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44 percent of college graduates aged 22 to 27 are “under-employed,” or working in jobs that don’t require a college degree.

Don’t underestimate young waiters and waitresses. Chances are good they have the education to not only do their job well, but to manage the place.

A Federal Reserve Bank of New York study issued this year found that in 2012, 44 percent of college graduates aged 22 to 27 were “under-employed,” or working in jobs that don’t require a college degree.

With new job formations trending up, some of those educated clerks will be finding better opportunities and more newly minted graduates will start in degreed positions, says Chris Collins, director of the Center for Advanced Human Resource Studies at Cornell University.

Under-employment is less of a problem for those with concentrations in science, engineering and other in-demand fields, says Collins.

“A lot of employers don’t see the connection between a liberal arts degree and the specific requirements they have for job [openings],” Collins says.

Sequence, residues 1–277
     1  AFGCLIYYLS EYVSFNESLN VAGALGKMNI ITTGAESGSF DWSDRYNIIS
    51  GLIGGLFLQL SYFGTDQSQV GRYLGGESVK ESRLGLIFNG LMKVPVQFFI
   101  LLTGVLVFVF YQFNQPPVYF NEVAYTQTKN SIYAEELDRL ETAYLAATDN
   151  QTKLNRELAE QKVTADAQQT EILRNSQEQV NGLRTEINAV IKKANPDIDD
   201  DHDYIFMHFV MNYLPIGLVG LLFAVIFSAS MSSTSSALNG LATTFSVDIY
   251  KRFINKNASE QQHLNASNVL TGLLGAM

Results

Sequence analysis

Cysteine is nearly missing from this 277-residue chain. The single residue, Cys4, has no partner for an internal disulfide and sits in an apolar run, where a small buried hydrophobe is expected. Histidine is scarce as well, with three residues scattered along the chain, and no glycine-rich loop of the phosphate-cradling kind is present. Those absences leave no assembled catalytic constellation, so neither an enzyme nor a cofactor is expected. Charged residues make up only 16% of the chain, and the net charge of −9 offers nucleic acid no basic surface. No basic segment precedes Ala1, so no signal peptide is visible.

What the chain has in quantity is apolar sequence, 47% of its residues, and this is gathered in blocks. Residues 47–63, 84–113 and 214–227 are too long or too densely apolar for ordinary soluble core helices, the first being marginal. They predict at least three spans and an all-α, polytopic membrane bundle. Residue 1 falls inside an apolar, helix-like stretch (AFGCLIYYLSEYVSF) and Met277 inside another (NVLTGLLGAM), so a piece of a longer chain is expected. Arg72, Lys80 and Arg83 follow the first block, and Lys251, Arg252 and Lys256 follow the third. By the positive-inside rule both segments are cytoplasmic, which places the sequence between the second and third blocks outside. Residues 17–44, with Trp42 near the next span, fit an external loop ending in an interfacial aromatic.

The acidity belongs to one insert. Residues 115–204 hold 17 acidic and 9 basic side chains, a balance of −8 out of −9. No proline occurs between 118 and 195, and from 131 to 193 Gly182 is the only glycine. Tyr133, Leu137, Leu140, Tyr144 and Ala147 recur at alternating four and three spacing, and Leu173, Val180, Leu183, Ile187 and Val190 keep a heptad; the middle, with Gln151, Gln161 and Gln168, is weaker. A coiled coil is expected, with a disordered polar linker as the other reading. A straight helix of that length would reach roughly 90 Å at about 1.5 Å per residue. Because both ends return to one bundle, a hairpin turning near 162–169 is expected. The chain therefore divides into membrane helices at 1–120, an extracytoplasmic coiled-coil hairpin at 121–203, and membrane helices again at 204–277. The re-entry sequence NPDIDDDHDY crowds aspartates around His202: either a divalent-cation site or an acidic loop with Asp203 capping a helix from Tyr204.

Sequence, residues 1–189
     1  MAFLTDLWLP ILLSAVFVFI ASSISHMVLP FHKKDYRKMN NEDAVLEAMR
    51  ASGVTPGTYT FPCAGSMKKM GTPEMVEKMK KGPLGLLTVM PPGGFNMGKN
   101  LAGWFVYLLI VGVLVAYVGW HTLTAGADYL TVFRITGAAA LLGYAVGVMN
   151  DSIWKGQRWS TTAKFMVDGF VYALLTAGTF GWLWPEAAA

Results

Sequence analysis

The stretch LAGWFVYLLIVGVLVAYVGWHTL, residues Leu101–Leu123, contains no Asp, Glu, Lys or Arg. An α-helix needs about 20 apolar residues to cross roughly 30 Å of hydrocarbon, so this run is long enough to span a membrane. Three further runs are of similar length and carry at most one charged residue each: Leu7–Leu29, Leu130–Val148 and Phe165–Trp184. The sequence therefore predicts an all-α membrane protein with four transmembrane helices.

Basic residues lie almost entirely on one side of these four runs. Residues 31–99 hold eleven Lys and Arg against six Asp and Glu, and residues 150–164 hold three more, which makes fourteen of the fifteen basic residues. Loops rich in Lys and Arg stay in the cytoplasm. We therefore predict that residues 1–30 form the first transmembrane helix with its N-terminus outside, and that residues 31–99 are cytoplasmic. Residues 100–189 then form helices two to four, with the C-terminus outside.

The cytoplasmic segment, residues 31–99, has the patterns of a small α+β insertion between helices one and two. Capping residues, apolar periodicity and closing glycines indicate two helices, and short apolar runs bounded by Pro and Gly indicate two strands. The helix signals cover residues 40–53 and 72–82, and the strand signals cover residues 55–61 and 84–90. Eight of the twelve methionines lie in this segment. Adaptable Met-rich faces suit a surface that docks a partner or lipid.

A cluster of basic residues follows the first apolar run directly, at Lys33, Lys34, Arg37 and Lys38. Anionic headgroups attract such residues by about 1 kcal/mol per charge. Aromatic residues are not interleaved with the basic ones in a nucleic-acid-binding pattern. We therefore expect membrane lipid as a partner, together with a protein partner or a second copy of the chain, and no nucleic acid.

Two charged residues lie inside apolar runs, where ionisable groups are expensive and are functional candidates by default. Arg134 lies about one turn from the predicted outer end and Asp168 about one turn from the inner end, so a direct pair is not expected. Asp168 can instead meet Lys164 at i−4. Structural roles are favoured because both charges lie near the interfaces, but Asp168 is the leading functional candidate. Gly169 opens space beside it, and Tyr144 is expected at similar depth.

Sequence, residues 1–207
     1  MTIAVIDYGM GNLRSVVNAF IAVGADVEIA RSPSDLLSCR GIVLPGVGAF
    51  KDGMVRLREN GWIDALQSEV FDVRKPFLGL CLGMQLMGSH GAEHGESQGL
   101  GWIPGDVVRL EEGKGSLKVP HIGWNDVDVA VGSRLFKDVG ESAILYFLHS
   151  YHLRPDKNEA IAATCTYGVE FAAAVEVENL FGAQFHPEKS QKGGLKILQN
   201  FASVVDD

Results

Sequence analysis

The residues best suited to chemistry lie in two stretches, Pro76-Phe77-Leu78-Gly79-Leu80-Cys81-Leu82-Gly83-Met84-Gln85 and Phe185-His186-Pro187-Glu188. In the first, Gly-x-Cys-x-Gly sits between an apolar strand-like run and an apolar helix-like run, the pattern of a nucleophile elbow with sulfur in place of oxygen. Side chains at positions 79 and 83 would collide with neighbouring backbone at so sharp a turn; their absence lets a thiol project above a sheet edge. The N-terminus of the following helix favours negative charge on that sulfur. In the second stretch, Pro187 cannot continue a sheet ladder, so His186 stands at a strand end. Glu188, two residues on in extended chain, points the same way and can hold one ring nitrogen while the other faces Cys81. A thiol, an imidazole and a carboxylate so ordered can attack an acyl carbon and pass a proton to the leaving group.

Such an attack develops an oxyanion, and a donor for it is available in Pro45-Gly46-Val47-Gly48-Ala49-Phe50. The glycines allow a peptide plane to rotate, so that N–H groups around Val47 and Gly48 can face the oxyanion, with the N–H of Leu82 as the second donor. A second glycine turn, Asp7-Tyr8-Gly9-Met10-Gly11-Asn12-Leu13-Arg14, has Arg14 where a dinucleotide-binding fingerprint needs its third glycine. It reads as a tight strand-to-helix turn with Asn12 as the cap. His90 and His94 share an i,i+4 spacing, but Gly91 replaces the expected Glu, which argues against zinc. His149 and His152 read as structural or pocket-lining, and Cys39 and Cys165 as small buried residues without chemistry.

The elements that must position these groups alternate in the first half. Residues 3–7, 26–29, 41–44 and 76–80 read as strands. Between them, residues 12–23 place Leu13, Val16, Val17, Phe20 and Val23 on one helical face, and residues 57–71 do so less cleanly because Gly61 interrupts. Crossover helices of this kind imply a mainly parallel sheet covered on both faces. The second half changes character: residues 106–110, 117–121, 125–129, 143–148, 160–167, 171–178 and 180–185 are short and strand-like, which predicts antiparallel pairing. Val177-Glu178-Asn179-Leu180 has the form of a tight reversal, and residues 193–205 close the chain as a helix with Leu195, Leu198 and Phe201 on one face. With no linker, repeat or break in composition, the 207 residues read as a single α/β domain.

So how can that 25-year-old clerk convince her boss that she’s competent in more than English literature?

Volunteer to take on extra assignments, suggests Collins. “People who show leadership are the ones who get noticed,” he says.

Collins also suggests getting educational credentials in subjects that are in demand.

Claire Tauriello, career director for Mount St. Mary’s University in Emmitsburg, MD, agrees that a “can-do attitude that matches the need of the supervisor and the organization can open doors.”

But, “if they can’t find those opportunities in the workplace,” Tauriello adds, “candidates should be volunteering with organizations in their skill set. Marketing this experience on a resume and a cover letter is crucial to finding the change the candidate desires.”

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